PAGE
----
Persistent socioeconomic disparities in cardiovascular risk factors and health in the United States: Medical Expenditure Panel Survey 2002–2013


      Background and aims

      Socioeconomic status (SES) has been linked to worse cardiovascular risk factor (CRF) profiles and higher rates of cardiovascular disease (CVD), with an especially high burden of disease for low-income groups. We aimed to describe the trends in prevalence of CRFs among US adults by SES from 2002 to 2013.


      Data from the Medical Expenditure Panel Survey was analyzed. CRFs (obesity, diabetes, hypertension, physical inactivity, smoking and hypercholesterolemia), were ascertained by ICD-9-CM and/or self-report.


      The proportion of individuals with obesity, diabetes and hypertension increased overall, with low-income groups representing a higher prevalence for each CRF. Of note, physical inactivity had the highest prevalence increase, with the “lowest-income” group observing a relative percent increase of 71.1%.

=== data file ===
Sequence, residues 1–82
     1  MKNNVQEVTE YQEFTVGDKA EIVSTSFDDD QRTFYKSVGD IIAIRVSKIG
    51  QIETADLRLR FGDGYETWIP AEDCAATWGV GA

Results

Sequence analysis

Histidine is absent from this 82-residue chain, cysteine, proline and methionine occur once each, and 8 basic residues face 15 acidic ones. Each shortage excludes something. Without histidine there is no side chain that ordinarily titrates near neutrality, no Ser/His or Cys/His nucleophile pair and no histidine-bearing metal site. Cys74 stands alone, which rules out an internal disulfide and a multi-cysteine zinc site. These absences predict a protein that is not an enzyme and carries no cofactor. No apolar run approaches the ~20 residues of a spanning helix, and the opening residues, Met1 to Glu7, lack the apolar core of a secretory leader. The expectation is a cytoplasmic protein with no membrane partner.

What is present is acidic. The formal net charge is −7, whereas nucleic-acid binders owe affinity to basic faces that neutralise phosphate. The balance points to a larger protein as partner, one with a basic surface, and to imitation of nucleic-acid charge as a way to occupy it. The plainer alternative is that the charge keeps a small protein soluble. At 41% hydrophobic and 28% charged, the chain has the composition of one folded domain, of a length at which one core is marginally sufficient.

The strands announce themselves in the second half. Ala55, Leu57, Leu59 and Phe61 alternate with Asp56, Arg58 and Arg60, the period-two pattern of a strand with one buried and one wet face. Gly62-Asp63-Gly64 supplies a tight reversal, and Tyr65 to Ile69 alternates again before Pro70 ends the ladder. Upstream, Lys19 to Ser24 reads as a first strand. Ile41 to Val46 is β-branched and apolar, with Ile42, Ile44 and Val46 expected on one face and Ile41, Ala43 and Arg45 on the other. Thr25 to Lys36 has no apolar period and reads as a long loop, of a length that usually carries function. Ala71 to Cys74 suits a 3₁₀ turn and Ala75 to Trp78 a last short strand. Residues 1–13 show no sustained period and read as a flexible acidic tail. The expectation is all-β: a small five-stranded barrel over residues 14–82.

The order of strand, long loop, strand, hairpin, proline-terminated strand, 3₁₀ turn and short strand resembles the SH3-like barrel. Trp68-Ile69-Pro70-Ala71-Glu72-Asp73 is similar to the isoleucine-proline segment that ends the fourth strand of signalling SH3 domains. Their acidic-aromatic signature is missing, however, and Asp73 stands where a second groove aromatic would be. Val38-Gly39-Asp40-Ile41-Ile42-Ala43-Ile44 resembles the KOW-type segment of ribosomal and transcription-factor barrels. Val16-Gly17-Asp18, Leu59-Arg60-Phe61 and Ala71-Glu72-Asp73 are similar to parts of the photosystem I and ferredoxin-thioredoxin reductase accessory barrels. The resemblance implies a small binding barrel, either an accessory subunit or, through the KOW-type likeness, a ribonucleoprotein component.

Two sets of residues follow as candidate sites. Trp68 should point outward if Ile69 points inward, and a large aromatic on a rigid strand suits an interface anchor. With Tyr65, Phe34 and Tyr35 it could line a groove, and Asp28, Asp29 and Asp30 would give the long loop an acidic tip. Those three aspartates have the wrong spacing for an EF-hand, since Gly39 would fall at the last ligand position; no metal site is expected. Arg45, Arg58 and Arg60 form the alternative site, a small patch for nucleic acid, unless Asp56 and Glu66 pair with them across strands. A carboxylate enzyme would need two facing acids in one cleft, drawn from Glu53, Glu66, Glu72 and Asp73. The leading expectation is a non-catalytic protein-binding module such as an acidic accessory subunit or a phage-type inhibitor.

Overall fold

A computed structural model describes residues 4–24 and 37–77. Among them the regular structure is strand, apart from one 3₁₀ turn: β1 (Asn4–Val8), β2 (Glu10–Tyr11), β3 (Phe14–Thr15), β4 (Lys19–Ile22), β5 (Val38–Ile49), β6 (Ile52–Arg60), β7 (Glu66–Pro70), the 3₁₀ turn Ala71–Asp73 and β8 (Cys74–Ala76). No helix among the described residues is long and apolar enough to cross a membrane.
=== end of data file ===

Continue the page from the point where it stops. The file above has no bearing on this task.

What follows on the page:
Disparities in CRF burden continue to increase, across SES groups. Strategies to potentially eliminate the persistent health disparities gap may include a shift to greater coverage for prevention, and efforts to engage in healthy lifestyle behaviors.


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